The Other Kind Of Fuel Cell

Picture a fuel cell for a moment. If you can, chances are you’re imagining a hydrogen-powered fuel cell, most noted for their potential to power vehicles emitting only harmless water. Professor Eric Wachsman, director of the University of Maryland Energy Research Center, is spreading news of the hydrogen fuel cell’s lesser known cousin – the solid oxide fuel cell (SOFC) – which he argues holds the immediate energy solution. Certainly Bloom Energy has been making inroads with its version of the SOFC.

According to Wachsman, our fixation on hydrogen fuel cells for cars has delayed funding efforts for all fuel cells research, since building an infrastructure to support people driving around and refueling with hydrogen categorized it as a ‘future technology.’ He says, “Hydrogen-based fuel cells are the technology that has gotten all of the press and as a result we’re still waiting for a future hydrogen infrastructure. Yes, fuel cells can run off hydrogen, but they don’t have to.”

Fuel Cell

image via University of Maryland Energy Research Center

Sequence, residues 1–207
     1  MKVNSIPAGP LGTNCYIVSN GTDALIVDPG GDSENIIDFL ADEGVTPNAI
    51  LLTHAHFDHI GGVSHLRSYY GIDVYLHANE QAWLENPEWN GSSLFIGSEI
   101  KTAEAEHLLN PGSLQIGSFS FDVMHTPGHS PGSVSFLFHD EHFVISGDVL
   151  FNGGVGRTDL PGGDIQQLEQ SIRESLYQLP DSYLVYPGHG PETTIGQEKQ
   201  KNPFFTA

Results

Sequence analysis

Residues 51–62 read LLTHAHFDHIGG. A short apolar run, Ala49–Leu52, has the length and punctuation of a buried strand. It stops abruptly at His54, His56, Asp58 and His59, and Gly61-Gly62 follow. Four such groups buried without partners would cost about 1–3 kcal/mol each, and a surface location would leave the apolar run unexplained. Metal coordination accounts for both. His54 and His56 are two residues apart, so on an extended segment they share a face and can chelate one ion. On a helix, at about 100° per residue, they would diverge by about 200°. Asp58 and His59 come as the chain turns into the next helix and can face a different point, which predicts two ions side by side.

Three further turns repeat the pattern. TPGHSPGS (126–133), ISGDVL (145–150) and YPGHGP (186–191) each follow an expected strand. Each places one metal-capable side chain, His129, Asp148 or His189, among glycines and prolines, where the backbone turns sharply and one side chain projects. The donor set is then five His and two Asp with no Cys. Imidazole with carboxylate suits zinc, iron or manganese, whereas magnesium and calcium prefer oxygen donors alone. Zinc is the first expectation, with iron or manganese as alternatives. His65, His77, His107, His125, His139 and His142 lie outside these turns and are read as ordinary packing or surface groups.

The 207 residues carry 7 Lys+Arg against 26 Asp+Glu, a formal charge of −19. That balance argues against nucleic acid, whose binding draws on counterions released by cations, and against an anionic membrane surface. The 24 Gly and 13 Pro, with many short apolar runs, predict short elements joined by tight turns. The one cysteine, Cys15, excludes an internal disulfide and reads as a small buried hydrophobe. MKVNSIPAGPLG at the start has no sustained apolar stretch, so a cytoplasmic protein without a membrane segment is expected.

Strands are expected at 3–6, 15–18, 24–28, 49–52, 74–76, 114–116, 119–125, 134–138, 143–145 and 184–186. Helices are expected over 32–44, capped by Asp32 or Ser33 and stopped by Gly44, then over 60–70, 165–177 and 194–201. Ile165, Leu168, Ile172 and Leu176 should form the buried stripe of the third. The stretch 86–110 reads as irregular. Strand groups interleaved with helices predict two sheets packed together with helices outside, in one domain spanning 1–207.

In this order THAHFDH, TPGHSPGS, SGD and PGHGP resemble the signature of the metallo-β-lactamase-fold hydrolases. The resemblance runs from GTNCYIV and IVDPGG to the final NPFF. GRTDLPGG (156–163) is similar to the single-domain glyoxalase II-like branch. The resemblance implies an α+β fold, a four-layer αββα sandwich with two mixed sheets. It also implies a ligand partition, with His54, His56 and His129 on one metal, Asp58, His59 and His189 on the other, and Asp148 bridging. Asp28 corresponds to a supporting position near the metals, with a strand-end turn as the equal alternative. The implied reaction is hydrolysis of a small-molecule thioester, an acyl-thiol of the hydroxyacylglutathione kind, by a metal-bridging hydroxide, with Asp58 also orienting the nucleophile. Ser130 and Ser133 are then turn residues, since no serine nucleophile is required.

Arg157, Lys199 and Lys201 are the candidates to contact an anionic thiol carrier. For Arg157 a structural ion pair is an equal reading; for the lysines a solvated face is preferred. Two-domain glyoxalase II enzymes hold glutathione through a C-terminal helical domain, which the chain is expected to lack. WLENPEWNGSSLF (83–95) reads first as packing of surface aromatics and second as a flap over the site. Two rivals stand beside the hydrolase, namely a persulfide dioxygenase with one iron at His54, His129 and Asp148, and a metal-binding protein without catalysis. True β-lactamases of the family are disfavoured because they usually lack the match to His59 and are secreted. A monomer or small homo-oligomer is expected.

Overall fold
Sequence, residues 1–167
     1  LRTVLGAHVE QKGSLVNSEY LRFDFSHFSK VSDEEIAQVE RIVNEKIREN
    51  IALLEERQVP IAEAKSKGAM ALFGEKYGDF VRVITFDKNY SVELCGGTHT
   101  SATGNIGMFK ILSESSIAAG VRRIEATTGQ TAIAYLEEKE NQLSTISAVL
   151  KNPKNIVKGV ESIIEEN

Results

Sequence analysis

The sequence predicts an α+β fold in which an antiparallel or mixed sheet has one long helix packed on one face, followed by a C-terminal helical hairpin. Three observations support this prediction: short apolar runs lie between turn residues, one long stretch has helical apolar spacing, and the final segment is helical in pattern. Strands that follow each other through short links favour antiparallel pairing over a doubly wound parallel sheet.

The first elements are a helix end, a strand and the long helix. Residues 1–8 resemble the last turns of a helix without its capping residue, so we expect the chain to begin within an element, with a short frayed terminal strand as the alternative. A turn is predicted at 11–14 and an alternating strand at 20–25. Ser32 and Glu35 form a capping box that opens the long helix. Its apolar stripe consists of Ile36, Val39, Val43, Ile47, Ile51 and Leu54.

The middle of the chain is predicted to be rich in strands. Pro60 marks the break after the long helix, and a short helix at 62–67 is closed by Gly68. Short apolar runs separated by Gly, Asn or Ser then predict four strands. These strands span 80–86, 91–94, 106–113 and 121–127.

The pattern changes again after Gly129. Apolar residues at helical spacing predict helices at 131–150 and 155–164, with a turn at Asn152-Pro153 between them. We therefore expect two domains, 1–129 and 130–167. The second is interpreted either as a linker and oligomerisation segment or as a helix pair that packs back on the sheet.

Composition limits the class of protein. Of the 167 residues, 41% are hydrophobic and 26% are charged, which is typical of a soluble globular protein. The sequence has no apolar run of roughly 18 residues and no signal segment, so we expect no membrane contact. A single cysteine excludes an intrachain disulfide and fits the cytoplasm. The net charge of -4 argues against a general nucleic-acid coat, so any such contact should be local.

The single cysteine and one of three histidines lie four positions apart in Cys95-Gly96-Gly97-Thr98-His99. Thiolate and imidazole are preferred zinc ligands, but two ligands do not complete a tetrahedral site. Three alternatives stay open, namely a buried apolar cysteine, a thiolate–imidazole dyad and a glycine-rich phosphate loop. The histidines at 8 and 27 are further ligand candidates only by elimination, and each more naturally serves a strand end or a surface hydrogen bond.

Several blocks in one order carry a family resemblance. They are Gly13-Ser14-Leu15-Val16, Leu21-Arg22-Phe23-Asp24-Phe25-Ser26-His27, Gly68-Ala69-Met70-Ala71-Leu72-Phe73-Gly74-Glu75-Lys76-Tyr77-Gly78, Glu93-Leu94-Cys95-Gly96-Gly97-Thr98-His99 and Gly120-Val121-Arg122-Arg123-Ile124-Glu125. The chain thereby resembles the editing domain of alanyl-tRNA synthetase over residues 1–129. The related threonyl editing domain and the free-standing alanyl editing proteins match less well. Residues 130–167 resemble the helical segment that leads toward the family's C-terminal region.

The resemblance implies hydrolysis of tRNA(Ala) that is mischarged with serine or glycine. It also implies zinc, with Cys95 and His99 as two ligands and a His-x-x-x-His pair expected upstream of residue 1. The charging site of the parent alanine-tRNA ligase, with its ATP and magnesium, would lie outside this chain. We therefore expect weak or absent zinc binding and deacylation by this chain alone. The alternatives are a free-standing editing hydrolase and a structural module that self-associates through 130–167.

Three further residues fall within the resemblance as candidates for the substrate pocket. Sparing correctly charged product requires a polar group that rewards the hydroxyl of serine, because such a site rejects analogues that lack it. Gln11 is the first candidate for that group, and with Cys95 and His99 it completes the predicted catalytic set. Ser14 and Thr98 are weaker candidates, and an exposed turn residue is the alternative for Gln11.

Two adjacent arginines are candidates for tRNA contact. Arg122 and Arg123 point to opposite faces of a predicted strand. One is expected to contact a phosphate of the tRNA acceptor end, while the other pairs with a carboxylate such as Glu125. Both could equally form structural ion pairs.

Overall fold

Much more versatile, solid oxide fuel cells can oxidize any fuel so they can utilize the existing infrastructure for regular gasoline, diesel, and natural gas, and later on use biofuels and hydrogen once readily available. The one (big) downside is that SOFCs really like heat – and currently can only operate at 1500 degrees Fahrenheit (versus 180 degrees needed for a hydrogen fuel cell) so they are more suited for stationary power generation, instead of cars. However, once heated up SOFCs produce three kilowatts of energy per kilogram of material – more energy than an internal combustion engine produces, and only one third the size.

The current U.S. Department of Energy 2012 budget focuses on hydrogen fuel cells and does not currently contain funding for the SOFC program, Wachsman said. And he called that a missed opportunity: “We don’t have to wait for hydrogen. SOFCs represent a solution for everything that you can think of in terms of producing electricity and power today.”

Angeli Duffin is a Midwest transplant currently living in San Francisco, CA. Kicking off her career doing product design and development with Fair Trade artisans around the world, she then moved on to the editorial side, writing for eBay’s Green Team blog and working as a marketing consultant for social and environmentally minded companies

1 Comment

  • Reply December 23, 2011


    hydrogen infrastructure already exists, but not in full, i refer to natural gas infrastructure. H2 can power homes & cars in those homes. if H2 has 3 times the energy of CH4 then there is even 3 times the capacity already built in, right? it’s a cheap start to H2 fuel and cutting Carbon.

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